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Strong CROs: More Important Than Ever

How important is the risk function at your company?

Fortnightly Magazine - April 2007

the CRO has to have the knowledge and wisdom to oversee them all. Background and training are major issues here. Some CROs possess outstanding commercial and analytical acumen and easily can discuss highly theoretical aspects of risk. However, unless these skills are married with real-world experience and lessons learned through a “baptism by fire,” such as liquidity crises and trading-book blowups, their effectiveness can be limited. Additionally, many lack the requisite interpersonal, diplomatic, and political skills to make them effective in the role. Without question, a candidate’s personal style and interpersonal skills are the most critical and unique aspects of a utility CRO search. The cultural complexity and institutional history associated with most utilities require the CRO to be skilled at assessing personalities, determining motivations, and educating skeptical internal “clients.”

The importance of the independence of the CRO hardly can be overestimated. In a well-run company, the CRO needs to be able to “deep dive” anywhere and perform in-depth analysis of transactions and operations. He should have easy, unencumbered access to all commercial and operational areas and to almost any other corporate records, without having to negotiate burdensome and time-consuming bureaucratic obstacles.

Where Do You Stand?

Where the CRO stands in the actual and perceived command structure is as important as the independence of the CRO and the quality of experience and leadership. Does the CRO report directly to the board of directors, CEO, or CFO, or to a lower-level manager? The position of the CRO in the hierarchy often directly reflects the degree of importance the company places on risk management, and this can send an informal, yet powerful message to the individuals and groups being scrutinized by the CRO.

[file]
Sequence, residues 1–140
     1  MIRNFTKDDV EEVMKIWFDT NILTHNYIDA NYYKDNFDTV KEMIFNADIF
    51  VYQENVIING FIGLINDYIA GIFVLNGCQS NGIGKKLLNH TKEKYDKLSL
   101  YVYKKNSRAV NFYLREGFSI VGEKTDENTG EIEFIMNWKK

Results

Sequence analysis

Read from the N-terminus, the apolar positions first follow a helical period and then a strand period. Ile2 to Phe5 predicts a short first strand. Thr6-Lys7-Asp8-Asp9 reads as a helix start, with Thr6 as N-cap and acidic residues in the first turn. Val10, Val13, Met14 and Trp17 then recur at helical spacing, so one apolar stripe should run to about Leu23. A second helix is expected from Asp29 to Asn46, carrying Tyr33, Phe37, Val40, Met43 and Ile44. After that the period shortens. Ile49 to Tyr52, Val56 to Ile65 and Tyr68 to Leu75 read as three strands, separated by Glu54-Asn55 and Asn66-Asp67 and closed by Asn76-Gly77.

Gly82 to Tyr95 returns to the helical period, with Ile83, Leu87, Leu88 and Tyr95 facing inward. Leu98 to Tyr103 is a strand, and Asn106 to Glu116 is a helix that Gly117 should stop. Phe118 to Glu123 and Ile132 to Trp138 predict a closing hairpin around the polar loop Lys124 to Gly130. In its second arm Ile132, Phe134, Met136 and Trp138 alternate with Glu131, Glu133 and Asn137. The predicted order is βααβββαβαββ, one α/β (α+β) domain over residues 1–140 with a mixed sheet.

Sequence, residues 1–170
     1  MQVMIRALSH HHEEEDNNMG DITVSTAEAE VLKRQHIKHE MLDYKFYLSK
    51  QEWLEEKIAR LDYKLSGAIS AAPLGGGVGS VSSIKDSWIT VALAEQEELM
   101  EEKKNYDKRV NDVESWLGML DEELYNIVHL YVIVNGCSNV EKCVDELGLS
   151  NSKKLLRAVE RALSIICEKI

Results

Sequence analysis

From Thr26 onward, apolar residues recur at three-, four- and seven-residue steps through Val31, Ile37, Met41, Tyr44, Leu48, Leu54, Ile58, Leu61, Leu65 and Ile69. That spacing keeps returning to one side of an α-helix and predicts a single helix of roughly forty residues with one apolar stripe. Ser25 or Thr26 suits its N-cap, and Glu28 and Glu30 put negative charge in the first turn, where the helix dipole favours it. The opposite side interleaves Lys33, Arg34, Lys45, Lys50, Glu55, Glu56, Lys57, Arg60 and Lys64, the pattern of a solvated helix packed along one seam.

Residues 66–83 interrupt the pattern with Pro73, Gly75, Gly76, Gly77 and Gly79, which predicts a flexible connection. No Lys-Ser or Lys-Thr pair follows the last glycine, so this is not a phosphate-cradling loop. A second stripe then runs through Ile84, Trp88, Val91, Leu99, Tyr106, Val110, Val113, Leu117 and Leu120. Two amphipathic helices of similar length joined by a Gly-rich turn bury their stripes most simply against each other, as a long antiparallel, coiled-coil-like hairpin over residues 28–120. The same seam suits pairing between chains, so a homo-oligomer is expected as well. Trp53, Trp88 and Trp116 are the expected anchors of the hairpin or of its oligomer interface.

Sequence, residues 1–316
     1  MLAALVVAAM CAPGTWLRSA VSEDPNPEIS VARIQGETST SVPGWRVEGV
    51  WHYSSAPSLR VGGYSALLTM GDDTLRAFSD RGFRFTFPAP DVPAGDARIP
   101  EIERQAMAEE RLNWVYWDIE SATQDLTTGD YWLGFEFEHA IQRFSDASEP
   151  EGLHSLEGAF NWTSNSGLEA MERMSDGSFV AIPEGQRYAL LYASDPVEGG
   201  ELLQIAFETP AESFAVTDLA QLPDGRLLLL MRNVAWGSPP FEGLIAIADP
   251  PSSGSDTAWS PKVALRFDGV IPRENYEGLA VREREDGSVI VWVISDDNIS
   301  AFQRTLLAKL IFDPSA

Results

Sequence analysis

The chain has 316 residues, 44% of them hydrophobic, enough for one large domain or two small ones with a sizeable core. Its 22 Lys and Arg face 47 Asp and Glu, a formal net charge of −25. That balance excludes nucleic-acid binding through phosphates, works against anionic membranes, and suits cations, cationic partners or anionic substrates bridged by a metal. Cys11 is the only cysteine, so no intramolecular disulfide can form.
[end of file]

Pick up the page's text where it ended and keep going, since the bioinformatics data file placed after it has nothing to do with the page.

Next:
Analysts like Arlene Spangler are making it clear that a rudimentary risk function simply will not do. The qualitative assessment of utilities’ risk function is sure to create angst for some and opportunities for others. Some organizations will have a slight reprieve, given that most of the focus appears to be on utilities that still have meaningful trading and marketing activities. However, rating agencies such as Standard & Poor’s ultimately will be turning their finely tuned microscopes on all utilities and judging them against essentially the same guidelines.

Shelley Hurley, a partner with Accenture’s Risk Management Practice and long-time proponent of risk management in the energy industry, says the decision to embrace a comprehensive risk-management culture and infrastructure usually has been the result of one or several of the following: a risk-savvy board of directors demanding that the company implement a world-class risk management infrastructure, a “blow up” in the company’s energy trading and marketing business, or pressure from rating agencies.

It is safe to assume that the last of those options is likely to become the predominant factor causing traditional utilities to examine the benefit of implementing a robust risk-control program.

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